The daily relative performance, or RS analysis, has been declining since early December, while the weekly (not shown) shows no signs yet of a top.
The daily on-balance volume (OBV) is more of a concern, as it formed significantly lower highs (line d) last week. A drop through support (line e) would confirm the bearish divergence.
The iShares Russell 2000 Index Fund (IWM) again tested the major 61.8% Fibonacci retracement resistance in the $77 area (line f) last week before turning lower.
The support at $73.20 to $73.30 needs to hold on a pullback, or the chart will look more negative and may suggest a test of the uptrend (line g) in the $71.70 area.
The daily RS line broke its uptrend (line h) in early January, then formed a lower high last week. It has now diverged from the price action.
The daily OBV needs to move through resistance (line i) to signal a breakout above the $77 level. There is important daily OBV support at line j.
The PowerShares QQQ Trust (QQQ) lost some of its upside momentum last week, as it failed to move though strong resistance connecting the July and October highs at $58.90. This is still the key level of resistance to overcome.
The daily RS line is still in a short-term uptrend, suggesting it is acting stronger than the S&P 500.
The daily OBV is well above its rising WMA, which is a positive sign.
QQQ has initial support now at $57.50 to $57.20, with much stronger levels at $55.60 to $56.40.
The iShares Dow Jones Transportation ETF (IYT) moved well above the October highs last week, but still has strong resistance in the $94.70 area. Initial support now sits at $88, with much stronger levels at $85.50 to $86.50.
I continue to think that sector selection will make the difference in 2012. If we get a deeper correction, I will be looking at some of the industrial stocks, as well as the regional banks.
The April crude oil contract failed to move above the prior week's highs of $104.10, hitting $103.80 before turning lower. Crude again may be leading the S&P 500; it closed the week lower and back below line a.
With Friday’s decline, prices are getting closer to the daily Starc- band. The major support (line b) is still in the $93.15 area.
The selling on the decline took the daily OBV below its WMA and the uptrend (line c). The weekly OBV (not shown) is also below its WMA, and did form a negative divergence at the recent highs.
This suggests that crude oil can decline further. The seasonal pattern is for crude to bottom in February, so a deeper drop could be a good buying opportunity in the oil stocks.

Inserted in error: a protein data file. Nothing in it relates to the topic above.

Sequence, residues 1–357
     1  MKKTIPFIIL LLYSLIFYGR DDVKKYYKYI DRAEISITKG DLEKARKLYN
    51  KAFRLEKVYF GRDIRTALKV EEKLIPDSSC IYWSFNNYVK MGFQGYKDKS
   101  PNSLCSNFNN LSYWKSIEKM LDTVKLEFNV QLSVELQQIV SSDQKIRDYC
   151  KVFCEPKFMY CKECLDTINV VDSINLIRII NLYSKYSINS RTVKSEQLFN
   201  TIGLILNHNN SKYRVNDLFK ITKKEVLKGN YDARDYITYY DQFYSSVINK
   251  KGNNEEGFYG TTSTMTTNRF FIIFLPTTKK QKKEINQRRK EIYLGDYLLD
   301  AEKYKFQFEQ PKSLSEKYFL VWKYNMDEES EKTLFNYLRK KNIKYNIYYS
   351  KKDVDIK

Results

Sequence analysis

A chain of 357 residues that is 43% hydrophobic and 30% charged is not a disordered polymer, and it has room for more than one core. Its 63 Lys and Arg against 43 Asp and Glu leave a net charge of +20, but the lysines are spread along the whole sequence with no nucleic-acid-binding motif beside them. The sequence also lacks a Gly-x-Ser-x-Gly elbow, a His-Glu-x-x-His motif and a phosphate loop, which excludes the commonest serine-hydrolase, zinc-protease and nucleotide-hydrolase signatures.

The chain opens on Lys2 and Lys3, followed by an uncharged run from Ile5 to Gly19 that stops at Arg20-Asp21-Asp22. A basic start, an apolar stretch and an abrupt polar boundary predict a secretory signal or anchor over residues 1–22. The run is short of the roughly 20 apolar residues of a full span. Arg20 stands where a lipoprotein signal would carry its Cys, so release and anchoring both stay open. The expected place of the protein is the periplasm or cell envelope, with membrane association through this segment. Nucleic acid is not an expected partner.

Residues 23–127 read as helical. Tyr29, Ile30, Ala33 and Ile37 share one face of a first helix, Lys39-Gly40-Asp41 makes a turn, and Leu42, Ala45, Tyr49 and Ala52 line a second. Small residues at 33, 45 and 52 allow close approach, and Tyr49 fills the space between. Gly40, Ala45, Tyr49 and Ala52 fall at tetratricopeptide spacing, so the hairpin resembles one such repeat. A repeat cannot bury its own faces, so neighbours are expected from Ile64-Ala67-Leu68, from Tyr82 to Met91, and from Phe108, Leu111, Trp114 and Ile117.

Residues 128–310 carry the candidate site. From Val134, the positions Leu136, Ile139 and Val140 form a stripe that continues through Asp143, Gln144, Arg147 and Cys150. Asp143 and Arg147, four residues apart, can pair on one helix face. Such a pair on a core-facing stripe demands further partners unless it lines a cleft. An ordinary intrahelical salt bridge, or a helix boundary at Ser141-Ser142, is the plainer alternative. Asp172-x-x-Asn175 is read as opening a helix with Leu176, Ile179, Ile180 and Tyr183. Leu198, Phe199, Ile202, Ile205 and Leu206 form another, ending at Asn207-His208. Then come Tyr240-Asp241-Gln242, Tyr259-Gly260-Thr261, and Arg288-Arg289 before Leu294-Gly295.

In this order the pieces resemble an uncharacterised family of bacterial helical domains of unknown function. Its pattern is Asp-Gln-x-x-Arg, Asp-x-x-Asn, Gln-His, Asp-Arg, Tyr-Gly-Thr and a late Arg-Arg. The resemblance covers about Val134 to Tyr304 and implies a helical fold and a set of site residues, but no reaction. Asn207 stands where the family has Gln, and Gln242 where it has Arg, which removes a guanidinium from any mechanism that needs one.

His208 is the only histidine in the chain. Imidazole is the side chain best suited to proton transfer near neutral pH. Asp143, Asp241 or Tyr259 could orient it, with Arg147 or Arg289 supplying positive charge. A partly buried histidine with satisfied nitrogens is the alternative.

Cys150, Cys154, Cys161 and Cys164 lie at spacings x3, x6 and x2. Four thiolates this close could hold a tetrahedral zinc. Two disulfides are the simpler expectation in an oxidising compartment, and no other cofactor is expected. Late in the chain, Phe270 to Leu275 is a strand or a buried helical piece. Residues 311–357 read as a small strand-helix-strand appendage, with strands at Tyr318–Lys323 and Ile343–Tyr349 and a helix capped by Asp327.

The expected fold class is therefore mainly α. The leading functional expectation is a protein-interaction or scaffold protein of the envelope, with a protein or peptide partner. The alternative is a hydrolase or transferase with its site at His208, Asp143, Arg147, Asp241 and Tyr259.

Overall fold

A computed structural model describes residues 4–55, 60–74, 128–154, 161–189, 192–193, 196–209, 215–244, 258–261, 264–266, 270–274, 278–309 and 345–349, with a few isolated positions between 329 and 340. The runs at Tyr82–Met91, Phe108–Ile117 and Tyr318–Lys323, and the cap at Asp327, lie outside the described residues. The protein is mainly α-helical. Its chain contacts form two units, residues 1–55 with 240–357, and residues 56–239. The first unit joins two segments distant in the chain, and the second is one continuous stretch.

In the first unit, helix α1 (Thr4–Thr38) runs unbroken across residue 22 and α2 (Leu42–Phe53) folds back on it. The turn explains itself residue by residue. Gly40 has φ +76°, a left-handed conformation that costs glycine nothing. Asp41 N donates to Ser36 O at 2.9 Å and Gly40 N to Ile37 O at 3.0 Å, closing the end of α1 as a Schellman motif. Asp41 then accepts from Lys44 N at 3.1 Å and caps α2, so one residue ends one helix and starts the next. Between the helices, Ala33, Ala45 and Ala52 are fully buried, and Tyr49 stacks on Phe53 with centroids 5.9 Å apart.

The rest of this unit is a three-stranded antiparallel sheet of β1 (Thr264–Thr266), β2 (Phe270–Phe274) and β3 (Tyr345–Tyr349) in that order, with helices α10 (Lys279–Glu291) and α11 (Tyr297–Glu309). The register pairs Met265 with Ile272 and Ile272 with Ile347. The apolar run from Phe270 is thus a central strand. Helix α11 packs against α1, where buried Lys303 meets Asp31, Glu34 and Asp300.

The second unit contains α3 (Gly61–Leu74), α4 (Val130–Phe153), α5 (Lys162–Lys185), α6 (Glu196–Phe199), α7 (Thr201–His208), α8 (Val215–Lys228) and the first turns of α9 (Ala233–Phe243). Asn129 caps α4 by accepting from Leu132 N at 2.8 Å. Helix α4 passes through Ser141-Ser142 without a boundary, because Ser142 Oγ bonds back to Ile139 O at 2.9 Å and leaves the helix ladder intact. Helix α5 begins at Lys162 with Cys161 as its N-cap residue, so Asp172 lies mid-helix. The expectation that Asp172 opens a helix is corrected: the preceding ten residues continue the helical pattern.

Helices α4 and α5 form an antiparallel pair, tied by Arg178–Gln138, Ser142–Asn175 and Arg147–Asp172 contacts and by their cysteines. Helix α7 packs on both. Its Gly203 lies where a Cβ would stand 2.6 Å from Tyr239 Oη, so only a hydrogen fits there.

SPDR Gold Trust (GLD) was lower on Friday, but still closed the week higher. The next support sits in the $157 area, and then at $152 to $154. The prior low follows at $148.27, with the lower trend line support at $147 (line e).
The daily flag formation (lines d and e) is still intact, and a decisive close above $166 will complete the formation. The upside Fibonacci targets are at $193.
The daily OBV is still above its WMA, but has not moved through resistance (line f). A break in this downtrend would be very positive and indicate that the correction is over. However, I still can not rule out one more drop below the recent lows before a bottom is completed.
The iShares Silver Trust (SLV) is still in its short-term downtrend, and shows no evidence yet of a bottom. While GLD was rallying, the action in SLV was not all that impressive.
The Week Ahead
Given the short holiday week, the unknown impact of the downgrade of France’s credit rating and the massive number of earnings reports should make this week interesting.
The tone of the overseas markets on Monday is likely to set the tone for Tuesday’s US trading. A close in the German Dax below the 6,000 level would clearly be a short-term negative.
If the correction proceeds as expected, it should be a good opportunity for those underinvested in the stock market to look at some of the high-yielding Dow stocks that I have previously mentioned.
A further stock correction should also create a good buying opportunity in the SPDR Gold Trust (GLD), and I will be updating my analysis on the in my regular Charts in Play column.
If you have some nice profits on your stocks or ETFs, be sure to adjust your stops to lock in a profit in case the decline is worse than I expect.
- Don’t miss Tom’s latest Trading Lesson: The Dominant Chart Pattern of Early 2012